Heroin derives from opium poppy plants that grow in Asia, Mexico, and Colombia. The hypnotic qualities of poppies were also used by the ancient Greeks for medicinal purposes. Over the centuries, heroin use in different forms has increased, particularly within the realm of prescription medication. In the early 2000s, reports of overdose and death from prescription pain medication, particularly OxyContin, began a sharp uptick.
Since then, the U.S. Food and Drug Administration documents a timeline of notices, meetings, initiatives, and events, all aimed to reduce heroin abuse and increase education and training on opioids for medical providers. There are a range of interesting facts about heroin addiction and the use and abuse of the drug by various cultures and where it’s evolved to today.
Fact #1: Heroin Addiction Changes The Makeup of Your Brain
When heroin enters the brain, it attaches to molecules on opioid receptors. These are located throughout the brain and body to deliver short-term, feel-good effects. Repeated use builds a tolerance of the drug, which means more is needed to achieve the same high.
Increased heroin use eventually leads to a dependence to avoid withdrawal symptoms. Finally, the brain becomes addicted to using heroin because the neurons have adapted to functioning normally only when the drug is present. Addiction is a disease where the person is unable to stop using the drug even if they want to or after it’s resulted in damaging health effects.
Fact #2: Heroin Products Were Once Available Over The Counter
The U.S. already faced a heroin epidemic over a century ago. The Bayer Company introduced heroin for medical use in the late 1800s in an effort to create a pain reliever that was safer than morphine. Heroin was introduced as a diluted form of morphine with “heroic” qualities of strong medicine; hence, the name.
Starting in the early 1900s, products, such as cough syrup and remedies for colic in babies, containing this new supposed superdrug were sold over the counter in the U.S. However, just a few years later, it was discovered heroin was actually two to three times more potent than morphine and absorbed rapidly by the brain. Its powerful nature makes it one of the most addictive opiate drugs available today.
Fact #3: Babies Can Be Born Addicted to Heroin
One of the crucial facts about heroin addiction is babies can be born with it. Babies are exposed to heroin by women who use it during pregnancy. As the baby develops inside the womb, it can become dependent on the drug due to regular exposure. Once born and the baby is cut off from the supply, it may suffer withdrawal symptoms referred to as neonatal abstinence syndrome (NAS).
Common signs and symptoms include fever, vomiting, excessive crying, slow weight gain. They begin to appear after the first 72 hours in newborns and must be put back on opiates, such as methadone or morphine, to gradually withdraw from them over time in a safe manner. The National Institute on Drug Abuse reported that as of 2014, a baby was born suffering from opioid withdrawal every 15 minutes.
Fact #4: 911 Good Samaritan Laws Protect Overdose Witnesses
Addiction is a common precursor to overdose. Overdose deaths involving heroin rose from 1999 to 2017 from 1,960 cases to 15,482, per the National Institute on Drug Abuse. Legislation has been enacted in 40 states and the District of Columbia to “provide immunity from arrest or prosecution for certain controlled substance possession and paraphernalia offense when a person who is either experiencing an opiate-related overdose or observing one calls 911 for assistance or to seek medical attention.”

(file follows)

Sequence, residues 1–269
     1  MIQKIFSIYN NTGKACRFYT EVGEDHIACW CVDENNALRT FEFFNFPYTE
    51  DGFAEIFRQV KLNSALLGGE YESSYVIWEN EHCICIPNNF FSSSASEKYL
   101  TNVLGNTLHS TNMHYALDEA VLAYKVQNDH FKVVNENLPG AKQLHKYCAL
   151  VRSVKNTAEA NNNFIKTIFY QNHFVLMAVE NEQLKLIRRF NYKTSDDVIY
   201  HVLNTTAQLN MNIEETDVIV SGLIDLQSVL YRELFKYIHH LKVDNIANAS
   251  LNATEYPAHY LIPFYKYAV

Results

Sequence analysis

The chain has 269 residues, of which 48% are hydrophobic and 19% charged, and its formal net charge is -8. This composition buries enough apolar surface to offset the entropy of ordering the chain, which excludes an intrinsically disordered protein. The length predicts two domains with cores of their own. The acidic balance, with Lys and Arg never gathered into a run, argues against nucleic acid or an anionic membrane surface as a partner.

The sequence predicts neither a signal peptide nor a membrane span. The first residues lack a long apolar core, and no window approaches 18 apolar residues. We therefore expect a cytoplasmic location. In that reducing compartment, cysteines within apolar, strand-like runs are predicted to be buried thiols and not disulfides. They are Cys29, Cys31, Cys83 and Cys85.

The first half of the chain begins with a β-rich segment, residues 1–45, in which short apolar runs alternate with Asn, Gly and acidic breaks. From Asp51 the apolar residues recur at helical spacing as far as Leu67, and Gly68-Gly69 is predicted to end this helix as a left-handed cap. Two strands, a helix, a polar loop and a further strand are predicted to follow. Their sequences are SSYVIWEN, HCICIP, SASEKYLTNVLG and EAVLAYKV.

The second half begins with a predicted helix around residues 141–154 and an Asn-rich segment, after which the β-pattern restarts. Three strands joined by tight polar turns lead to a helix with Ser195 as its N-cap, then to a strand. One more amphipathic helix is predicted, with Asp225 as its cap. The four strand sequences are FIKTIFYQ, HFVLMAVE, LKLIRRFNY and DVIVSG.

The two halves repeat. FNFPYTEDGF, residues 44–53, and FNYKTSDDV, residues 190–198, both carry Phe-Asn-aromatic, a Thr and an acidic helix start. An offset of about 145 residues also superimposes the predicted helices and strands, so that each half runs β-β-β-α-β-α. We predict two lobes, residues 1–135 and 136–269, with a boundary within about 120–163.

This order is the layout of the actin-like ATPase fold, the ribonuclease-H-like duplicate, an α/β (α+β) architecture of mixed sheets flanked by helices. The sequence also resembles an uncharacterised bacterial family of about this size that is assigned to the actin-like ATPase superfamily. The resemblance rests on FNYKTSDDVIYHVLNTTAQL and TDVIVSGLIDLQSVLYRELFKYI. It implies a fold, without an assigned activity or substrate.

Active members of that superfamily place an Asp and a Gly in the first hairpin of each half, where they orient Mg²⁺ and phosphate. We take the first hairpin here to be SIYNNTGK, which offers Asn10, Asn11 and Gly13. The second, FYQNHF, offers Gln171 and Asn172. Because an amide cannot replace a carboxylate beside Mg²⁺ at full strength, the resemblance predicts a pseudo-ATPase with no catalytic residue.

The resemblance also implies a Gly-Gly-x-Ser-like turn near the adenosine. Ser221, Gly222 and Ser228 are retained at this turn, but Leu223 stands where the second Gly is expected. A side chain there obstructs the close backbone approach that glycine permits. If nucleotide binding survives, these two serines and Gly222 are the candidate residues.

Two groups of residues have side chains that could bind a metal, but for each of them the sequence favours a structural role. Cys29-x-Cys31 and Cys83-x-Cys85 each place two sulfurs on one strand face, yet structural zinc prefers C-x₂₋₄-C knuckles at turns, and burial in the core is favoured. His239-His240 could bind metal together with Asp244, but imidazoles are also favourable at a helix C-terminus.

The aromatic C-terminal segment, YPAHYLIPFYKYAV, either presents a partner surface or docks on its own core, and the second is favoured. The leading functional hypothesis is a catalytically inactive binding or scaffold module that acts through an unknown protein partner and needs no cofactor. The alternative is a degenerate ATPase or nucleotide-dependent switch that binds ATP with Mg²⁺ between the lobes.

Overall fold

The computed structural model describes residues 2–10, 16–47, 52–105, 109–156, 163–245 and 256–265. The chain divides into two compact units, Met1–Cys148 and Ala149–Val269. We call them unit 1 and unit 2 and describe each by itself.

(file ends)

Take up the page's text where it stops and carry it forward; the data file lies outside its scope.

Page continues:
These violations and immunity allowances are determined by state, with some states more restrictive with its immunity versus states like Vermont that has provided it for an expansive list of controlled substance offenses. The laws require a caller to have the reasonable belief someone is experiencing an overdose is reporting the emergency in good faith.
Fact #5: Overdose Reversal Treatment Is Now Available Without a Prescription
Due to the opioid epidemic, government agencies have had to face the facts of heroin addiction and provide easily obtainable solutions to reverse heroin overdose. In 2019, The U.S. Food and Drug Administration granted its final approval for the first generic naloxone hydrochloride nasal spray, more commonly known as Narcan. This life-saving medication can reverse or stop the effects of an opioid overdose.
When administering naloxone, it’s important to remember that it works in the body only 30 to 90 minutes, which makes it essential for the person to still receive emergency medical attention. Many first responders already carry it, but generic versions are now available in an auto-injection or nasal form at local pharmacies like CVS and Walgreens without the need for a prescription or training.
Fact #6: Not All Heroin Is Pure White
Only in its purest form is heroin a pure white powder. It’s also off-white when cut with other substances and dark brown or black as a tar-like liquid form. The coloring is based on what additives have been used to dilute it. Heroin sold on the street can have any number of additives, including other drugs.
Fentanyl mixed in with heroin has reached epidemic levels in many areas of the U.S. Fentanyl is a powerful synthetic drug typically used in end-of-life care and has been a leading cause in overdose deaths over the past several years. It has the potential to be up to 50 times more potent than heroin and carries deadly risks.
Fact #7: People Who Inject Drugs Are One of The Leading Causes of Hepatitis C
Heroin can be snorted, smoked, taken orally, and injected. People who inject drugs (PWID) are the highest-risk group for hepatitis C infection. Data shows each PWID infected with hepatitis C is likely to infect 20 other people, according to the National Institute on Drug Abuse.